April 26, 2008 marked the tenth anniversary of the assassination of Bishop Juan José Gerardi Conedera. In Gerardi’s extensive career, he championed the rights of the indigenous and waged a vibrant campaign against the culture of violence that continues to obstruct the path towards peaceful reconciliation. Bishop Gerardi was the driving force behind the
Recovery of Historical Memory Project (REMHI), a Catholic Church-sponsored commission that sought to use Guatemalan collective memory in order to promote social reconstruction and political transparency. REMHI also catalogued the atrocities carried out by the Guatemalan military during the internal armed conflict (1960—1996), laying blame on the army for more than 90% of the abuses committed during the civil war. The REMHI Report was widely disseminated and its conclusions were validated by the United Nations Truth Commission.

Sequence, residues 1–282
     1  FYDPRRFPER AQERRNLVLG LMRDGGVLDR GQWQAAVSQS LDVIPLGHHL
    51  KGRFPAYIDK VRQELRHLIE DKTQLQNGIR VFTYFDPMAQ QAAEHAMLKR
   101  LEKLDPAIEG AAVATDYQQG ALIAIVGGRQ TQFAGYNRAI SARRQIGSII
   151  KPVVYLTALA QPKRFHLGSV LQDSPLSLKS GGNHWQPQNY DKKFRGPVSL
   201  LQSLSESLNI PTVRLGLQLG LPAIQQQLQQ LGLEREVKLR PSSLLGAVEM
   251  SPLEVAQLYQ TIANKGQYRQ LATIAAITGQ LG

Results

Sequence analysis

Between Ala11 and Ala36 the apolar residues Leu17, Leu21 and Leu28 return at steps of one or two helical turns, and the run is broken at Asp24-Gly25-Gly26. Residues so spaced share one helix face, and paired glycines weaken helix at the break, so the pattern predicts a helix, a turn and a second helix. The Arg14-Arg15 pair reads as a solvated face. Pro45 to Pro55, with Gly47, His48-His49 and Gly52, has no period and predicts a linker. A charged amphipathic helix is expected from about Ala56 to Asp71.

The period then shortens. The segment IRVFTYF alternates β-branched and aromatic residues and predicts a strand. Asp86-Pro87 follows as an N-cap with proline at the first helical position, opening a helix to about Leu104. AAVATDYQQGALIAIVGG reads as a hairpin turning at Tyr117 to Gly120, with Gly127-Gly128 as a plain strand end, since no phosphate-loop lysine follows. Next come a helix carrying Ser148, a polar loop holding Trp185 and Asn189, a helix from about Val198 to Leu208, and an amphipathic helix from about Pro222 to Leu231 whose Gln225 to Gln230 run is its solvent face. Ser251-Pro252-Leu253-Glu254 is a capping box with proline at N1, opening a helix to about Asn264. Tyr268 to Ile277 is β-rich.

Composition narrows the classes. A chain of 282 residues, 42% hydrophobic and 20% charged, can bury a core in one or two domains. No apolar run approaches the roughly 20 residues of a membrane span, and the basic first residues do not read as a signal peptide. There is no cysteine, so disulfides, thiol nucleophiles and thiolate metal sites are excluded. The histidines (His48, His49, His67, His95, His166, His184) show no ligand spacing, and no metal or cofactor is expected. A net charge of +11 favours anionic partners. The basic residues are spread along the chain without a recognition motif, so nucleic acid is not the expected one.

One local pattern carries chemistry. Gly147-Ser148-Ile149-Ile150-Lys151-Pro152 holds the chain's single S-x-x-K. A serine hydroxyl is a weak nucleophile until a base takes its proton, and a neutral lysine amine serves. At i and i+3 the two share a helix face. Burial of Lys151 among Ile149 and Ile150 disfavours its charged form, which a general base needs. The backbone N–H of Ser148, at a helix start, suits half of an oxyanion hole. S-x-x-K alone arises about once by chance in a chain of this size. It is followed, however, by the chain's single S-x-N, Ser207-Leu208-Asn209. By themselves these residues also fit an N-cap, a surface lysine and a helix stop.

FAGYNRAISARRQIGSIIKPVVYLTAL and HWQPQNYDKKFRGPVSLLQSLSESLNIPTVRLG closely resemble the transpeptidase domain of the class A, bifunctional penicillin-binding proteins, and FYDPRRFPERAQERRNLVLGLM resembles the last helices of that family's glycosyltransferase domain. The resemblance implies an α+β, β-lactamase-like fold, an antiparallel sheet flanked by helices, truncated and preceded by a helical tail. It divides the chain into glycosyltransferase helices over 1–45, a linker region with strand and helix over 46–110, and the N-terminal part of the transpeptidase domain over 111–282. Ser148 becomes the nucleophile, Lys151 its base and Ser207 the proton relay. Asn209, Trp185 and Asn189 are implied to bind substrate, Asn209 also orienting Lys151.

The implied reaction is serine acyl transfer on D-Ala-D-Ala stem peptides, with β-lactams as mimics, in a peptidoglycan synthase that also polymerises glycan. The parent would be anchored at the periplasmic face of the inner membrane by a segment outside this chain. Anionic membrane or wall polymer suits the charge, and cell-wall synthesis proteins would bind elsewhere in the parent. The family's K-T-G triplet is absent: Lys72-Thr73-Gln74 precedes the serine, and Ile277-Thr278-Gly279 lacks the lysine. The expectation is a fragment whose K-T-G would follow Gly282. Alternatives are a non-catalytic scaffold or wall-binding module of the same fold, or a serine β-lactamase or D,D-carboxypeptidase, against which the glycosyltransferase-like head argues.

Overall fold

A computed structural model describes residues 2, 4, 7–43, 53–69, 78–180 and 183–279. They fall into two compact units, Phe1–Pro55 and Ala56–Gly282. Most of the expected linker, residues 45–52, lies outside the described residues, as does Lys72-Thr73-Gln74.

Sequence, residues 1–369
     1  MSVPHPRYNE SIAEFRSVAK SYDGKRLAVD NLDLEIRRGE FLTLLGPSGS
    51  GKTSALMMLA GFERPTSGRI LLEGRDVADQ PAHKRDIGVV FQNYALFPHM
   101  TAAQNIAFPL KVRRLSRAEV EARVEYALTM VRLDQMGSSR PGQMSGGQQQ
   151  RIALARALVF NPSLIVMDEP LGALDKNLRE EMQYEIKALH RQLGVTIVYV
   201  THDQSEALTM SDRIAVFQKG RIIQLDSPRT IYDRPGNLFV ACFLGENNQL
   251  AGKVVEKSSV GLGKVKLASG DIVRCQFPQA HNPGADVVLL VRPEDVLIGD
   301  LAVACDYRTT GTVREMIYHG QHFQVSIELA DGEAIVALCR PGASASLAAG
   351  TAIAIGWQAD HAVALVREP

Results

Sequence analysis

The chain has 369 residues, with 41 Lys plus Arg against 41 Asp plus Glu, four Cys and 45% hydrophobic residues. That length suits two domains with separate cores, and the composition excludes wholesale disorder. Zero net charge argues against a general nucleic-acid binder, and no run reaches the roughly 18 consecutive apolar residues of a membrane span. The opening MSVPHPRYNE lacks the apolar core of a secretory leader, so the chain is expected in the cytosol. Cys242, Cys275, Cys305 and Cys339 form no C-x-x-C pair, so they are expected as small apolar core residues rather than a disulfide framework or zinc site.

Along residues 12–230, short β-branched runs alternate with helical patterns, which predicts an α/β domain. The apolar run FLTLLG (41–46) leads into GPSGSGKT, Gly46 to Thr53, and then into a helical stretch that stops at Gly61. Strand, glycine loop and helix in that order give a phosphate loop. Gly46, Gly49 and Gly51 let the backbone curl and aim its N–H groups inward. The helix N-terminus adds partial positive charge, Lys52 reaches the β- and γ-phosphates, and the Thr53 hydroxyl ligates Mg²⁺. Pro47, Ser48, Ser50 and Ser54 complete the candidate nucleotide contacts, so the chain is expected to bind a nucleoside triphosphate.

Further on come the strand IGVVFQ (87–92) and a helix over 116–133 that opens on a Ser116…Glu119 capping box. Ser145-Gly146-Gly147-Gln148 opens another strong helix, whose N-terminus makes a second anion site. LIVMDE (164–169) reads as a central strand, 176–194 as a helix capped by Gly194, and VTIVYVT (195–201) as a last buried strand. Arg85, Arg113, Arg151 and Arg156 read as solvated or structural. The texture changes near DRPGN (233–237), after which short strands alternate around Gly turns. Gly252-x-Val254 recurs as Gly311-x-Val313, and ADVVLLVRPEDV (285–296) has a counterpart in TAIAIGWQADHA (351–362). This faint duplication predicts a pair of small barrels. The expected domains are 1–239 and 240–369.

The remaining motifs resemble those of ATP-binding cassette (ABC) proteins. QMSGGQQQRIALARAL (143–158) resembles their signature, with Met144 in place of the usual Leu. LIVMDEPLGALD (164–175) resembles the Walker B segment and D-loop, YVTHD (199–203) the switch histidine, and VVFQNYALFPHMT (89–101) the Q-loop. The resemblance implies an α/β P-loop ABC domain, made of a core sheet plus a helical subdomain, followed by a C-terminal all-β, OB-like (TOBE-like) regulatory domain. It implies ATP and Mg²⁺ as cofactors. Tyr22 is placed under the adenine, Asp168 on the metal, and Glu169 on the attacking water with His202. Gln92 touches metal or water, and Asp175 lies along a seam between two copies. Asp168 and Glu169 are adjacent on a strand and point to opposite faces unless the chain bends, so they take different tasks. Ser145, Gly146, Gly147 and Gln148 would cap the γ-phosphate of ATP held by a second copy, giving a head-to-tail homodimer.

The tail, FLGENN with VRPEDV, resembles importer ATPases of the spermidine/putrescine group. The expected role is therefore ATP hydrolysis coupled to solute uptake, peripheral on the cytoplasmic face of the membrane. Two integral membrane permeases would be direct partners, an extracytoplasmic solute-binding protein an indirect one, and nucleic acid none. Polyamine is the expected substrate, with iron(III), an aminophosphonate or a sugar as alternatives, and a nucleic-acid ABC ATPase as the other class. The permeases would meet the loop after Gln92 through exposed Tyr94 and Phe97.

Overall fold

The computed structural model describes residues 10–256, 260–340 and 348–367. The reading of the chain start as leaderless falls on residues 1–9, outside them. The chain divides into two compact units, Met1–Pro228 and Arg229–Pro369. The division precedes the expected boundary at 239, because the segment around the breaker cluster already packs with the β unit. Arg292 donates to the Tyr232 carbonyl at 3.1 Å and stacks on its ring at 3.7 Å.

Two days after the REMHI Report was released, Gerardi was brutally assassinated in his home. He was murdered for his commitment to human rights, his spirit, and his activism—but his death was not in vain. His trial led to unprecedented convictions of military officers and the legacy of his passion continues to drive activists, advocates and civic leaders alike. In conjunction with the 10th Anniversary of his assassination, GHRC held a bilingual memorial service in April 2008 to honor Bishop Gerardi.
Click here to access a detailed timeline of the life of Bishop Gerardi and the events surrounding his trial.